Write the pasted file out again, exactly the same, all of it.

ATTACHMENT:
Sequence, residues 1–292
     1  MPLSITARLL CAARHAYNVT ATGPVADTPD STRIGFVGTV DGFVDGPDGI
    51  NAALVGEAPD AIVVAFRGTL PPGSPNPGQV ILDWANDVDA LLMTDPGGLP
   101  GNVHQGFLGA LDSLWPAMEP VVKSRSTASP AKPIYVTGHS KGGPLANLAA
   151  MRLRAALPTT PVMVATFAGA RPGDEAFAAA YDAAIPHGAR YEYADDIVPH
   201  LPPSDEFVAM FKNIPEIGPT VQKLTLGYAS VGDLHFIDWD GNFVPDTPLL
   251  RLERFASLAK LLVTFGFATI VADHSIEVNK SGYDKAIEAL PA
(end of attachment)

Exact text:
Sequence, residues 1–292
     1  MPLSITARLL CAARHAYNVT ATGPVADTPD STRIGFVGTV DGFVDGPDGI
    51  NAALVGEAPD AIVVAFRGTL PPGSPNPGQV ILDWANDVDA LLMTDPGGLP
   101  GNVHQGFLGA LDSLWPAMEP VVKSRSTASP AKPIYVTGHS KGGPLANLAA
   151  MRLRAALPTT PVMVATFAGA RPGDEAFAAA YDAAIPHGAR YEYADDIVPH
   201  LPPSDEFVAM FKNIPEIGPT VQKLTLGYAS VGDLHFIDWD GNFVPDTPLL
   251  RLERFASLAK LLVTFGFATI VADHSIEVNK SGYDKAIEAL PA